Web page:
After a long interview process, I can finally share the wonderful news about a new appointment in Los Angeles!
I'm incredibly honored and excited to become the next Music Director of the American Youth Symphony, an ensemble founded by Mehli Mehta 51 years ago which is an elite training orchestra with a bright future in the great city of Los Angeles. It's always been my wish to be able to work both with established professionals as well as with the young developing generations of the music world, so being able to serve as Music Director of both the Alabama Symphony Orchestra and now AYS is without a doubt a true blessing.
In just a few days I get the great opportunity to conduct the world premiere of Paul Desenne's Symphony #5, Opus. 81. Finished earlier this year, and handed to me not too long ago, this work is literally fresh out of the oven. It's definitely not the first time I've given a first performance of a work in my career, but it's amazing how each time this happens I notice a new set of challenges, yet a similar sense of exhilaration. In this particular case, though, there's a special circumstance worth reflecting on.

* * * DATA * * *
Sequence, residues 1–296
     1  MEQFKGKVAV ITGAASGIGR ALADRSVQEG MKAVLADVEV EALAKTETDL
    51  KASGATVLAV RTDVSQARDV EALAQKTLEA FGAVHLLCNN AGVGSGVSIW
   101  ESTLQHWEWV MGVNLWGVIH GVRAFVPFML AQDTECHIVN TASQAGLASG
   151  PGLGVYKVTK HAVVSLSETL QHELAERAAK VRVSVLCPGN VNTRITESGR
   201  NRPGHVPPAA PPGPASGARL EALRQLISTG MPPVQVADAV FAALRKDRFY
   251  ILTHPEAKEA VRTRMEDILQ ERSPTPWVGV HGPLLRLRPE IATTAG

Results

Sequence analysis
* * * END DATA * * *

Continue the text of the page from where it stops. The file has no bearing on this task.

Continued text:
On one hand, there's my personal history with Paul, whom I've admired as an integral musician - cellist, pedagogue, commentator, and composer (all facets at a remarkably high level). I have known Paul-the-musician since my childhood, and Paul-the-composer since my early college years, and by now I've had the honor of performing many of his works, both as instrumentalist and conductor. Over the course of these many years we've become great friends, and it's perhaps this friendshi...
The Alabama Symphony Orchestra's Winter Dreams Festival has received a great response in the press. The festival features music from many Russian composers, from the unforgettable melodies of Tchaikovsky to the dark power of Shostakovich, from the sharp intellect of Stravinsky to the orchestral mastery of Rimsky-Korsakov.
Commenting on the opening concert at Alys Stephens Center, Michael Huebner from Arts BHam wrote:
"Izcaray and ASO assembled a performance that was subtly expressive and impeccably balanced ... Izcaray seized the opportunity to mold ASO into an intricate, though highly expressive entity, taking full advantage of its excellent woodwind soloists, horns and crisp strings. This was Izcaray’s finest single performance yet with ASO, largely due to the conductor’s vivid gestures, measured pace, well-proportioned silences and crisp communication across the entire stage.”